Now to make the fulcrum for the lever... for this cut a piece of your 3" PVC to length by making it approx 3' taller than your box. You can always take a little off later if you need to. You can see from the picture that you essentially need a slot in this for the lever to move freely up and down in. I used a 2" hole saw to first make 2 holes about an inch apart and about 1" from the top of the piece and then used a Dremel cut off wheel to join the two holes. Then drill a hole in the side of the piece a diameter the size of the bolt/wingnut combo you have. Drill a hole in your lever at the center at the opposite direction that you put the two end holes at and you should be able to join the two pieces as shown below and the lever should move freely up and down.
Step 14: Fulcrum Base
Now you need to make the piece that is going to hold the whole mechanical contraption onto your box. I used a short piece of 2x4 which turned out to be a very stable platform. Use a hole saw or some other means to make a hole the diameter of your 3" PVC. I used a hole saw slightly smaller than the diameter of the PVC then used a rounded file to expand the hole so that the fit is very snug for the 3" PVC... not so snug it it gets stuck but snug enough to prevent a lot of wiggle. Then drill two wholes at diagonal corners as shown the correct diameter for a couple of short bolts with nuts. I had a couple of bolts lying around that were only 1.5" long so I drilled holes then used a larger bit to counter sink the bolts so they could pass through both the 2x4 and the top of the box which is why you see them sunk in here. Then place your 2x4 on the top of your box and center it between the middle of the trigger hole and the hook you placed on the door. Use the 2x4 as a template to mark the top of your box where the two diagonal holes are and drill the top of your box at the marks so that you can use your two bolts and nuts to hand join the 2x4 to the top of the box. I took the picture of this seen after attaching a handle, which will come later.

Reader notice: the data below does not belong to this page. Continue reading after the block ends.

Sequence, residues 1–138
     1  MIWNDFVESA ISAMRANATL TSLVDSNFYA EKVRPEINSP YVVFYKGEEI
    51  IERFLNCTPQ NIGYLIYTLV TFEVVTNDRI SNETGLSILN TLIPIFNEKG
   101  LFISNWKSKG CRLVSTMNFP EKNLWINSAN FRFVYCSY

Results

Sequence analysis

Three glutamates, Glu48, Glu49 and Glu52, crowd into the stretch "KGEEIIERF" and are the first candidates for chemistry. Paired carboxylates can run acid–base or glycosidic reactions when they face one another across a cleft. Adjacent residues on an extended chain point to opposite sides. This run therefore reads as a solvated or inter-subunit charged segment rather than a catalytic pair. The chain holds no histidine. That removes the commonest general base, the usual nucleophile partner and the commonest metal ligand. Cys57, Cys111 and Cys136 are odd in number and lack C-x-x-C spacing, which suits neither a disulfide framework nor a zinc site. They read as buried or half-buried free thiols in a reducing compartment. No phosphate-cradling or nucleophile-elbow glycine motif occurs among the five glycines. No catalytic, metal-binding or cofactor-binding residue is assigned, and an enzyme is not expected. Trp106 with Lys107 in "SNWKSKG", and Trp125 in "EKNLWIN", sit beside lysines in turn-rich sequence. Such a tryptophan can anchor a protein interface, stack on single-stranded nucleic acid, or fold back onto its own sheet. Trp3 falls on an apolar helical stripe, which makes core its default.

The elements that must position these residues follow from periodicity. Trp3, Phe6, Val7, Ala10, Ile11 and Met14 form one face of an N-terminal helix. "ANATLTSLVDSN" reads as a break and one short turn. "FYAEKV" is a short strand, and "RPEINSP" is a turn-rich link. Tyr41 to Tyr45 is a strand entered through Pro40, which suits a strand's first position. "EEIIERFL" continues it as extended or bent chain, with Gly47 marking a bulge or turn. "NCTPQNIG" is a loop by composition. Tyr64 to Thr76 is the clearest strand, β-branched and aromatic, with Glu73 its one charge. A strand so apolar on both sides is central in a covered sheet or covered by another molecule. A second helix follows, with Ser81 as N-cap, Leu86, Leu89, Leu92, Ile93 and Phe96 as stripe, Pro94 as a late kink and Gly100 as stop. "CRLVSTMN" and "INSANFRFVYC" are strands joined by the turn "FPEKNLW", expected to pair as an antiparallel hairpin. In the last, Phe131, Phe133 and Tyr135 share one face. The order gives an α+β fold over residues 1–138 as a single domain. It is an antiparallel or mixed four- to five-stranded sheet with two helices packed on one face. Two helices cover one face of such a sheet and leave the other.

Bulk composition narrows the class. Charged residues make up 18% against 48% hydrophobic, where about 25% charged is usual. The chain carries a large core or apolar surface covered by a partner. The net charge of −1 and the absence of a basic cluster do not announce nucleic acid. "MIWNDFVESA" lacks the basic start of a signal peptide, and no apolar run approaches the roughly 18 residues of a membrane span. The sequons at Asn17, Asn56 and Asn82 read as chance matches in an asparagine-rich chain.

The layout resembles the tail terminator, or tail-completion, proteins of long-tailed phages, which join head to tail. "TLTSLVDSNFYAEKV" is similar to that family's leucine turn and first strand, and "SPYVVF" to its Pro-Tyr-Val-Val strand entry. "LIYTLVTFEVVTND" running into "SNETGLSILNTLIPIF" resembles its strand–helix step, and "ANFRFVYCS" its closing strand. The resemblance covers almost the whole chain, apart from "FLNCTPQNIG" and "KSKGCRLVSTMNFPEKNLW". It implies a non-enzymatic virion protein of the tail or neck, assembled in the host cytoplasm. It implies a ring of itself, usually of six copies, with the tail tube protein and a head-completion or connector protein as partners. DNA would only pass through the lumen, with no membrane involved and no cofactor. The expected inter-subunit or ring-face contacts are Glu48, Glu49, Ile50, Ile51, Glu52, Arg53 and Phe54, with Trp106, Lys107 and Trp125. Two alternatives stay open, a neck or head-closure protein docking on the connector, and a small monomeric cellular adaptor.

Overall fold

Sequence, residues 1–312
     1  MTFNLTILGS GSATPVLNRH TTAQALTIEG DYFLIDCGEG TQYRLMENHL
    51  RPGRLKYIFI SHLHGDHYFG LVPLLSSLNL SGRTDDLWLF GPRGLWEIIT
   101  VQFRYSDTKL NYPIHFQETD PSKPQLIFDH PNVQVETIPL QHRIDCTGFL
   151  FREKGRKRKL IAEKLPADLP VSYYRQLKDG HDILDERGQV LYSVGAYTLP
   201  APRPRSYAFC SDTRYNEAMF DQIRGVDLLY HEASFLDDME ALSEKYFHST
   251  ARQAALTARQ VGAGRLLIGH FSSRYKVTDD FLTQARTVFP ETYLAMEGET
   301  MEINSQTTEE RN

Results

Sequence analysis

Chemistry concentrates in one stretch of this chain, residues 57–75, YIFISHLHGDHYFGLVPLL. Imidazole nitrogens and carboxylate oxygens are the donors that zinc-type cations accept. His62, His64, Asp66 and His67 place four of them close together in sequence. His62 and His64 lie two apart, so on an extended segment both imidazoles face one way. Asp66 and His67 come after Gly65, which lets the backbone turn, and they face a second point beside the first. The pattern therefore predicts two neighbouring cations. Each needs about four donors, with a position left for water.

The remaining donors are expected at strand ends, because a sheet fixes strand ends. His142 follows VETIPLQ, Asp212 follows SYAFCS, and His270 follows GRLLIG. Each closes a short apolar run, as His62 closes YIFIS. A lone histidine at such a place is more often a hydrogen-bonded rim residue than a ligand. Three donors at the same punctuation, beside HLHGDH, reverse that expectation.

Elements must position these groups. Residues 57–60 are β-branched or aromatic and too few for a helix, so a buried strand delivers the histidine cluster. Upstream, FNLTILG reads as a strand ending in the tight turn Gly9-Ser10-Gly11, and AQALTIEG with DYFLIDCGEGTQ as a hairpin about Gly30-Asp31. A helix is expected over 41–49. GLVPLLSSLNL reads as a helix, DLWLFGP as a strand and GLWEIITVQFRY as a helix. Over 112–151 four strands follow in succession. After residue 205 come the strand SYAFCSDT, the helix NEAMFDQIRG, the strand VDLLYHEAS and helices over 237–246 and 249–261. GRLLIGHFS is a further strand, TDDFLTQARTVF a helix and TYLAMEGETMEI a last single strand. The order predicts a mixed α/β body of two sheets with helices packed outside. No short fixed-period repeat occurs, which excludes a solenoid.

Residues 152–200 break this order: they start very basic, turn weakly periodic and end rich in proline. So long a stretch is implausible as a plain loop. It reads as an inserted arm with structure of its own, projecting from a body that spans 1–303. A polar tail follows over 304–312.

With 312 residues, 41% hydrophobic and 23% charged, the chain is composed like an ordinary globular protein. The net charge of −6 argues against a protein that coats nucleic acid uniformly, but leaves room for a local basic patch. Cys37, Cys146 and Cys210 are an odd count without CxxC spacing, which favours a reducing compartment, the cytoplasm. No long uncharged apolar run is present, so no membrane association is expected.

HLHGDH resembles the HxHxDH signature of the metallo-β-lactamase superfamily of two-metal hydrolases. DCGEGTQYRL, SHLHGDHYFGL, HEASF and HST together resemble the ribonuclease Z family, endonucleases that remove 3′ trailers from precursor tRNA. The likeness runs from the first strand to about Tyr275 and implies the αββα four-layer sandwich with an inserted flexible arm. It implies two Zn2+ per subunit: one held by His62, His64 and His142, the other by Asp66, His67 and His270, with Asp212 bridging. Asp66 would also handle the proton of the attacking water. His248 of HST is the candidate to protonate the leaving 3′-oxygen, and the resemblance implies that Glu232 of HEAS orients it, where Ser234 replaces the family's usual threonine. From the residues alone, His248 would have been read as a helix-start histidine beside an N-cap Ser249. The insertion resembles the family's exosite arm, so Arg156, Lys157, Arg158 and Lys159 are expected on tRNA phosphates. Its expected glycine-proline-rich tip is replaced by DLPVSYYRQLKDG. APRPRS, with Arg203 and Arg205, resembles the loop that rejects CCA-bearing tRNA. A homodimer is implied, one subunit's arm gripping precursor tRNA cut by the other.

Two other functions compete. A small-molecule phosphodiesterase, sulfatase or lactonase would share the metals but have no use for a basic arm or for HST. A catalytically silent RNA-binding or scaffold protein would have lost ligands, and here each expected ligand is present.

Step 15: Assembling the Whole Mess
If you've made it this far you have all the essential pieces for a successful trap. Put your PVC lever contraption together, stick the trigger though the hole and down into what will be your bait can with pressure upward on the notch via the lever as you attach the door. Start off with two pieces of paracord or rope with enough extra length on each piece to make adjustments. Once you get everything just right and the trap is working the way you want it, you can cut the scrap off the rope. When the device is triggered, the trigger PVC itself should come flying out of the hole, this will keep the critter you catch from chewing on it and ruining it if it were left inside the box.
Step 16: The Breakdown and Optional Handle
You can see here that the entire thing breaks down and fits inside the box. I also used an old piece of webbing to make a handle for easy carrying. This is recommended especially if you plan on transporting the animal you catch (the box isn't very heavy empty, but with a raccoon in it may be a different story), but isn't required for the trap to function.
Step 17: Catch the SOB's
I put a little tuna in the can, left it over night and bingo.